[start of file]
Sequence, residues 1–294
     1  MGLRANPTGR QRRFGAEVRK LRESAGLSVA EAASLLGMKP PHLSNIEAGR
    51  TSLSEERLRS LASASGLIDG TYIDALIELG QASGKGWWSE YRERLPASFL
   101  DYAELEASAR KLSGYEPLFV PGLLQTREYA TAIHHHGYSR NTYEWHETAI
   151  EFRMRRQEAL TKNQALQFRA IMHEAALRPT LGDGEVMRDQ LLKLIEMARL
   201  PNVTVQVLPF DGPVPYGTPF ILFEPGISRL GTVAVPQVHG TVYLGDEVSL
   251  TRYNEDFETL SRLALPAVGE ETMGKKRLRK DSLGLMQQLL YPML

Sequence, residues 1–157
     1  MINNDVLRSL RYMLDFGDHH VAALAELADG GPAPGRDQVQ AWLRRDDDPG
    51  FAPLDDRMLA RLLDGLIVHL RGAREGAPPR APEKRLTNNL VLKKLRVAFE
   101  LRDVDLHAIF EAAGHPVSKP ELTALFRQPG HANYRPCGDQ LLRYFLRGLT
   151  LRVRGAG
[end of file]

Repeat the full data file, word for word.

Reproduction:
Sequence, residues 1–294
     1  MGLRANPTGR QRRFGAEVRK LRESAGLSVA EAASLLGMKP PHLSNIEAGR
    51  TSLSEERLRS LASASGLIDG TYIDALIELG QASGKGWWSE YRERLPASFL
   101  DYAELEASAR KLSGYEPLFV PGLLQTREYA TAIHHHGYSR NTYEWHETAI
   151  EFRMRRQEAL TKNQALQFRA IMHEAALRPT LGDGEVMRDQ LLKLIEMARL
   201  PNVTVQVLPF DGPVPYGTPF ILFEPGISRL GTVAVPQVHG TVYLGDEVSL
   251  TRYNEDFETL SRLALPAVGE ETMGKKRLRK DSLGLMQQLL YPML

Sequence, residues 1–157
     1  MINNDVLRSL RYMLDFGDHH VAALAELADG GPAPGRDQVQ AWLRRDDDPG
    51  FAPLDDRMLA RLLDGLIVHL RGAREGAPPR APEKRLTNNL VLKKLRVAFE
   101  LRDVDLHAIF EAAGHPVSKP ELTALFRQPG HANYRPCGDQ LLRYFLRGLT
   151  LRVRGAG